Manufacture spend and profit with Kickfurther? My 3rd review…

Is Kickfurther a good way to increase credit card spend and earn a profit?  I’ve been testing out Kickfurther for over a year now.  Let’s see how I’ve done…

kickfurther banner

Background

Kickfurther is a platform that lets companies seek funding from the Kickfurther community by offering a return on investment (such as 8% profit in 10 months, for example).  Technically, these offers aren’t loans.  When you invest in a Kickfurther offer, you are actually buying inventory that is then sold on consignment by the company seeking funds.  With Kickfurther, you will earn a profit with each offer that you fund as long as the “borrower” pays out as promised.  A nice perk for the points & miles crowd is that Kickfurther allows funding by credit card and, in my experience, it is never treated as a cash advance.  Regardless of how you fund these offers, Kickfurther charges a 1.5% fee to withdraw the paid back funds to your bank account.

My Experience To-Date

I first wrote about Kickfurther with “My half-baked Kickfurther Review” and then followed up with “Kickfurther review 2. Manufacturing profit and spend.”  Even with the second review it was too early to say whether my Kickfurther investments were panning out.  But, at the time, things looked good.  I published this chart showing results from my Kickfurther investments:

Kickfurther review

The green bar, above, seemed to show that actual payouts were tracking nicely with expected payouts.  So I continued to invest in new Kickfurther offers.  Over time, though, more and more offers failed to pay on time.  Some were outright cancelled.

Kickfurther no longer provides a chart like the one above, but they now have better data reporting.  I threw my current results into a spreadsheet and found the following current status of the consignments that I’ve funded to-date:

Out of 62 consignments that I partially funded:

  • 1 was immediately cancelled and fully refunded (i.e. I simply got my money back)
  • 28 completed successfully (I earned the expected payout)
  • Of the 33 incomplete, 19 have issued partial payments to-date

Some of the above numbers are from recently funded consignments and therefore are too new to have paid back yet.  So I filtered to “old” consignments (those funded 12 months ago, or more).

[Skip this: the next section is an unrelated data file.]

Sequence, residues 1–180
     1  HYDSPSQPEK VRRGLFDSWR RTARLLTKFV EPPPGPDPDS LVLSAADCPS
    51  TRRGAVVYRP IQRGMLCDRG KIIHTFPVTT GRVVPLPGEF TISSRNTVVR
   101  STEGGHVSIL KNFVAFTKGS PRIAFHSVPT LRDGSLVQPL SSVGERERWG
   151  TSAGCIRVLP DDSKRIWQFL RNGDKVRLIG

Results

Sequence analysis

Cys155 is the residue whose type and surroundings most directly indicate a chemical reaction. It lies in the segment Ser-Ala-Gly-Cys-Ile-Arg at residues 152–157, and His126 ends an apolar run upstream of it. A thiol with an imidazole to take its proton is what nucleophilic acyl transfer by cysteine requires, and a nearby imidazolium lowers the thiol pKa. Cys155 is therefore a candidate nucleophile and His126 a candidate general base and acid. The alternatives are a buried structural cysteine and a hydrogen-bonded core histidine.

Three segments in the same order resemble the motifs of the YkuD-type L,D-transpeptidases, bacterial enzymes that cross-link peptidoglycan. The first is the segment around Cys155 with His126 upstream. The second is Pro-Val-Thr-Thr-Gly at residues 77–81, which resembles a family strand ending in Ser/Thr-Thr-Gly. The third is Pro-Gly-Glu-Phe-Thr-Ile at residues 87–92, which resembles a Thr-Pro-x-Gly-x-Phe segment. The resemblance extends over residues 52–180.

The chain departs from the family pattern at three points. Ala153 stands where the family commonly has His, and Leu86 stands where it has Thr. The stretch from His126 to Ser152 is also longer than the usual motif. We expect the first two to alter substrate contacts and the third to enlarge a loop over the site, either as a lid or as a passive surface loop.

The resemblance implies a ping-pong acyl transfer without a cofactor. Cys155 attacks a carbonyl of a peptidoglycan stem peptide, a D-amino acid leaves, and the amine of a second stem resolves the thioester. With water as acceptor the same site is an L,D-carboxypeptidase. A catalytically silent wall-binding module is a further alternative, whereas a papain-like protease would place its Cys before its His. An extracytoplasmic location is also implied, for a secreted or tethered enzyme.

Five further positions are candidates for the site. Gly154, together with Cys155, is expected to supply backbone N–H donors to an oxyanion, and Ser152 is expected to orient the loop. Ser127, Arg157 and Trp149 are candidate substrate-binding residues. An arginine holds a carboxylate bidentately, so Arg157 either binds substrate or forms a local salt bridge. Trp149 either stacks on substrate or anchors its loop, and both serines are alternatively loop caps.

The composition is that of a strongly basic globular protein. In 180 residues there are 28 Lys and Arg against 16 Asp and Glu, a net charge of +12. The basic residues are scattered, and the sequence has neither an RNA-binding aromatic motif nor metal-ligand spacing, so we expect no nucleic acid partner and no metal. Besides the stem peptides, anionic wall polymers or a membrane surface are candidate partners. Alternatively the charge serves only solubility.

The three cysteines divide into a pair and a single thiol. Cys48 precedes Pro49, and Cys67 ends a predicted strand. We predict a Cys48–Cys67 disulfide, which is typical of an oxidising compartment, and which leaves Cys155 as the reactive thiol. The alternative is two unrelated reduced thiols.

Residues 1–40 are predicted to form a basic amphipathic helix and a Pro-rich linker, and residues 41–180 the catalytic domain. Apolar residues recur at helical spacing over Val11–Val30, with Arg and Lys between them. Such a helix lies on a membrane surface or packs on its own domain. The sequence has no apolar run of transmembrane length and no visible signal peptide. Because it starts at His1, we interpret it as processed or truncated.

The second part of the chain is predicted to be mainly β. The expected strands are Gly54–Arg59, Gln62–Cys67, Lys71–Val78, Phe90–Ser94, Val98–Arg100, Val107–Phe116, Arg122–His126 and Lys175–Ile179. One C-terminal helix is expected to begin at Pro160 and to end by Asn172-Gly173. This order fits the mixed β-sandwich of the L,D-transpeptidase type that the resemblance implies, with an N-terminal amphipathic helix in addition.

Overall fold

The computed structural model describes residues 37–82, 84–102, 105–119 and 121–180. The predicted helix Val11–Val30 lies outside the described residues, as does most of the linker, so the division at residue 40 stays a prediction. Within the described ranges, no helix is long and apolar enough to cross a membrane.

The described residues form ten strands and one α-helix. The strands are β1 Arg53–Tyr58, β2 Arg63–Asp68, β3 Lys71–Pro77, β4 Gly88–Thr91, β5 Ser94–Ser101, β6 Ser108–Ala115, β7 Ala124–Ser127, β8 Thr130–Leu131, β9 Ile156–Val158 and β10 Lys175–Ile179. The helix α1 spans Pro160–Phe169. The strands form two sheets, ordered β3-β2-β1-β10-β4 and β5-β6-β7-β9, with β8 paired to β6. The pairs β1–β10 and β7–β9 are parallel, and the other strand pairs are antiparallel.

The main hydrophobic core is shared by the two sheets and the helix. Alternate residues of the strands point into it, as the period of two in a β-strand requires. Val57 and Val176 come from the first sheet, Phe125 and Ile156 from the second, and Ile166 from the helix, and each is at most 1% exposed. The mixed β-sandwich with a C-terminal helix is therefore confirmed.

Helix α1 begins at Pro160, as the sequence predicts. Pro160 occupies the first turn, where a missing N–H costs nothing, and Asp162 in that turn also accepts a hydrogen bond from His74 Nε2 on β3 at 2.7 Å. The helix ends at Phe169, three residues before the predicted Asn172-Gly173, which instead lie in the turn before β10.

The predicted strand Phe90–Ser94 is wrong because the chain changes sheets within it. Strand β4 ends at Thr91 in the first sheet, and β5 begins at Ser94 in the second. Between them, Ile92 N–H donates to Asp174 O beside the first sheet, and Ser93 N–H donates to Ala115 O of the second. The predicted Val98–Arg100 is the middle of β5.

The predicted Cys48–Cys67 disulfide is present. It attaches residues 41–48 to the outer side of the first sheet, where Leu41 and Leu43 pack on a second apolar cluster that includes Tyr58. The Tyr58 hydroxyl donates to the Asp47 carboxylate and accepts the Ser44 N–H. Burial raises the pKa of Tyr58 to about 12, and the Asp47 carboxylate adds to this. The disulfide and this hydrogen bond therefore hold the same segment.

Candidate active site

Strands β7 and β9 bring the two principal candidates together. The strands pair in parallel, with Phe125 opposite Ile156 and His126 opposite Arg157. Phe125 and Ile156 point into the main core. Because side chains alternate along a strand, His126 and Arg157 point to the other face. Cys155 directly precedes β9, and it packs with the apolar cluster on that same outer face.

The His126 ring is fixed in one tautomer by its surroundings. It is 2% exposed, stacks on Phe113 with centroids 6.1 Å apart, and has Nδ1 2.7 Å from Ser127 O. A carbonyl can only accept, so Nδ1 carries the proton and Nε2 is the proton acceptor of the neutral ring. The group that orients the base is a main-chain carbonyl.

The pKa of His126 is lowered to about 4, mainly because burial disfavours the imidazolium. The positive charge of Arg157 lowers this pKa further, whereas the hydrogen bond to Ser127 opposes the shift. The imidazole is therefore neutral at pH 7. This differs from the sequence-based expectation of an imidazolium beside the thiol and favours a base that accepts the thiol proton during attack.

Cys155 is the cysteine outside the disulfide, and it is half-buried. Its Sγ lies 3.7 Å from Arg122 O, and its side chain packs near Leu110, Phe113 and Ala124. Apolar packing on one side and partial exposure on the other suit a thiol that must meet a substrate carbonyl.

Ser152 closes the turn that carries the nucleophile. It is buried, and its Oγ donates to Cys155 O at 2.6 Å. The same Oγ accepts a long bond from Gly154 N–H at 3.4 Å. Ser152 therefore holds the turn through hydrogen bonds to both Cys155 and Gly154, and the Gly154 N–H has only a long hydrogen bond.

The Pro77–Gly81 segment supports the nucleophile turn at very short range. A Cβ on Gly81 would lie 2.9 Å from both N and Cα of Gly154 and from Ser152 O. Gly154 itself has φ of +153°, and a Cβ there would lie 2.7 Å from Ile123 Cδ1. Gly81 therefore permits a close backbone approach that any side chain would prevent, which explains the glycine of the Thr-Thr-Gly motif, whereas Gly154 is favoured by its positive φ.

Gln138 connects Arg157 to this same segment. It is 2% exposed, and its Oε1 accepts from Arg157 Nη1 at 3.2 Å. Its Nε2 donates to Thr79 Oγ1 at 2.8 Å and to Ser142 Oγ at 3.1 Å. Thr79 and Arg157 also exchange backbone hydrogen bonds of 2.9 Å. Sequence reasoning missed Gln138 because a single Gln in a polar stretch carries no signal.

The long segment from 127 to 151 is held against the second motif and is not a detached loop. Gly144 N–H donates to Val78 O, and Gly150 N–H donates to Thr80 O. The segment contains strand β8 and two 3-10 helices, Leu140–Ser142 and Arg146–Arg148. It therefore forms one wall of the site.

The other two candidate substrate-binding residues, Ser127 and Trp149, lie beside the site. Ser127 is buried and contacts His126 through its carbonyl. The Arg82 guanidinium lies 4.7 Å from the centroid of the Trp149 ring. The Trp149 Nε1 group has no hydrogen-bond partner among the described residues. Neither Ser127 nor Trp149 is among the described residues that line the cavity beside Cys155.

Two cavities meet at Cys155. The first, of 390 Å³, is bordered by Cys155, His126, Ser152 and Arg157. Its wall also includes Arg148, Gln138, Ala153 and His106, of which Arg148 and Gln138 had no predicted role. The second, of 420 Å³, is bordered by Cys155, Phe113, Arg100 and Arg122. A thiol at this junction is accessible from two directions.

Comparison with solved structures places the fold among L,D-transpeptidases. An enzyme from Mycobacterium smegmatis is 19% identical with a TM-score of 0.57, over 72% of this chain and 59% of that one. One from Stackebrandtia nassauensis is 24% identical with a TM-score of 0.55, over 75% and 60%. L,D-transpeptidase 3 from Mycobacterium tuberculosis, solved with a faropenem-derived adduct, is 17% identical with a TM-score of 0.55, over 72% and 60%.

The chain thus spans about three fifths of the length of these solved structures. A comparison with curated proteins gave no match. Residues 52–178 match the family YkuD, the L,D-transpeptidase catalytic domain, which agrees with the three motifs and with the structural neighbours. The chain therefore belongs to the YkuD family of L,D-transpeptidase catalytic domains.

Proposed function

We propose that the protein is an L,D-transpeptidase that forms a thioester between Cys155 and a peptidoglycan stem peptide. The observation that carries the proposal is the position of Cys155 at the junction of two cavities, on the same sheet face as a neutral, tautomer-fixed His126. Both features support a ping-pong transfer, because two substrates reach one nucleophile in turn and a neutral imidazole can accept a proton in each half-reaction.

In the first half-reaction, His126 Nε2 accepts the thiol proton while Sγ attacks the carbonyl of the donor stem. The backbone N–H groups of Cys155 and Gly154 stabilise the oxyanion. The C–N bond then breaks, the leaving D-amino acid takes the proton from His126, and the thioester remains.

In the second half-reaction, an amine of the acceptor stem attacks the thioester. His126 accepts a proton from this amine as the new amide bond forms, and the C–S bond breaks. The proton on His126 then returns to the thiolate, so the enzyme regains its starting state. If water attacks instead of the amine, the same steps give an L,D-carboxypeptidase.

Out of 19 12-month-old (or older) consignments that I contributed to:

  • 13 completed successfully
  • For the other 6:
    • 4 are still paying but very slowly
    • Kickfurther has taken legal action with the other 2 to try to recover some of the funds
    • The 6 have paid, on average, 27% of the amount I invested.

If we optimistically assume that the 4 still paying will eventually complete successfully, then I’ll end up with the following success rate: 17 out of 19 completed (or may complete) successfully = 89.5%.

Or, worst case would be if the remaining 6 all fail to pay anymore.  Then we have only 13 out of 19 completing successfully, and the others completing 1/4th of the way.  Let’s call that 14.5 out of 19:  76%

So, my success rate is somewhere between 76% and 89.5%That’s awful.

My newer investments are looking potentially better.  Of those that I’ve invested in since August 1, many have completed successfully and most of the rest are paying out regularly.  Still, as I saw earlier, interim results are far from a perfect predictor.

Based on my results to date, if nothing else was changing, I’d strongly recommend against investing in Kickfurther.  But, things are changing…

Kickfurther’s New Model

The folks at Kickfurther haven’t been any happier than the rest of us about how poorly the portfolio has done.  In fact, in a recent blog post they wrote:

We also feel betrayed and lied to by the small and medium retailers (SMRs) whom we welcomed into the community, who later turned their backs on us. Fundamentally we believed in the trust economy, and that was a mistake.